A cryptographic hash is a one-way function whose output cannot be used to deduce it's input. if function f is used on an input x to get output y (i.e. f(x) = y), x cannot be found by inverting y.
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    (Original post by AlecRobertson)
    Wait so just confirm, you get overflow by multiplying large numbers together - do they have to be large or is it just multiplying?
    It's all relative to the number of bits you have in the mantissa and exponent. i.e. if you had only a 4 point floating point number, 2M/2E, then 10*10 would give you overflow.
    Multiplying two large numbers or dividing a large number by a much smaller one both give you much larger answers.
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    TSR Support Team
    (Original post by BaronK)
    "Explain the technique of hashing and its application"

    Could somebody explain that for me? No college resource on hashing
    As for it's application, you can use it to ensure a message sent from A to B has not been tampered with. By attaching a hashed version of the message (message digest), the person you send it will know what they should expect if they hash the message. If they hash it and the result is the same as the message digest, the message is the same as what the sender intended to send.
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    (Original post by AlecRobertson)
    Wait so just confirm, you get overflow by multiplying large numbers together - do they have to be large or is it just multiplying?
    Yes you do, and yes they have to be large.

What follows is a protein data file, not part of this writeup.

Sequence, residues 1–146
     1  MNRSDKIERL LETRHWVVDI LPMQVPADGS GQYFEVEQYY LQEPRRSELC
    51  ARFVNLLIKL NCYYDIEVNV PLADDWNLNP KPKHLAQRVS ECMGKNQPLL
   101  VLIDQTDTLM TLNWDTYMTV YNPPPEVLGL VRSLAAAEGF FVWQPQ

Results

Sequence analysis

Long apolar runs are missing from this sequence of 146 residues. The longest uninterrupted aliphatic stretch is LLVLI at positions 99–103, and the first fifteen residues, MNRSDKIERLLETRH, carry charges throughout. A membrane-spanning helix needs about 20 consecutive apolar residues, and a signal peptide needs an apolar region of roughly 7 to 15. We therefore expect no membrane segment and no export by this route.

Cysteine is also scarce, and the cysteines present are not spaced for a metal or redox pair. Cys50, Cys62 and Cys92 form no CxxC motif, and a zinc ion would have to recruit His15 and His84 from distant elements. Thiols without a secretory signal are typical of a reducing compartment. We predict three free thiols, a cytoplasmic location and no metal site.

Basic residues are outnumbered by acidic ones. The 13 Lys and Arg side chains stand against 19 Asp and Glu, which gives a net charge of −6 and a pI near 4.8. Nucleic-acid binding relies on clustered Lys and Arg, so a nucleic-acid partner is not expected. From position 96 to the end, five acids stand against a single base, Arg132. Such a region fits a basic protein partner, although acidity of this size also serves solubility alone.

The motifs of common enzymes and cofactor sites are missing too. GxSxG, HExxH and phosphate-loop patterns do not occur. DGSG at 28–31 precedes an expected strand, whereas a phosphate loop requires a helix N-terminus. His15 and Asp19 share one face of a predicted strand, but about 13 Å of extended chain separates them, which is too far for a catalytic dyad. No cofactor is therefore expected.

Say our really crappy computer only had enough bits to store the number 1000 (our very large number) then we multiplied it by another very large number, in this case 999, the answer, 999000 is too large to be stored in the given number of bits as the largest number we can store is 1000.

    Hope that clears it up a little
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    (Original post by WaterfallM)
    Yes you do, and yes they have to be large.

    Say our really crappy computer only had enough bits to store the number 1000 (our very large number) then we multiplied it by another very large number, in this case 999, the answer, 999000 is too large to be stored in the given number of bits as the largest number we can store is 1000.

    Hope that clears it up a little
    That's excellent!

    Can you give a numerical example of dividing too?

    Are those the only two situations that result in overflow?
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    can anybody please link me the specimen paper and markscheme for comp3? i cannot find it anywhere
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    I have FP2 tomorrow, which makes revising for this a little more interesting :s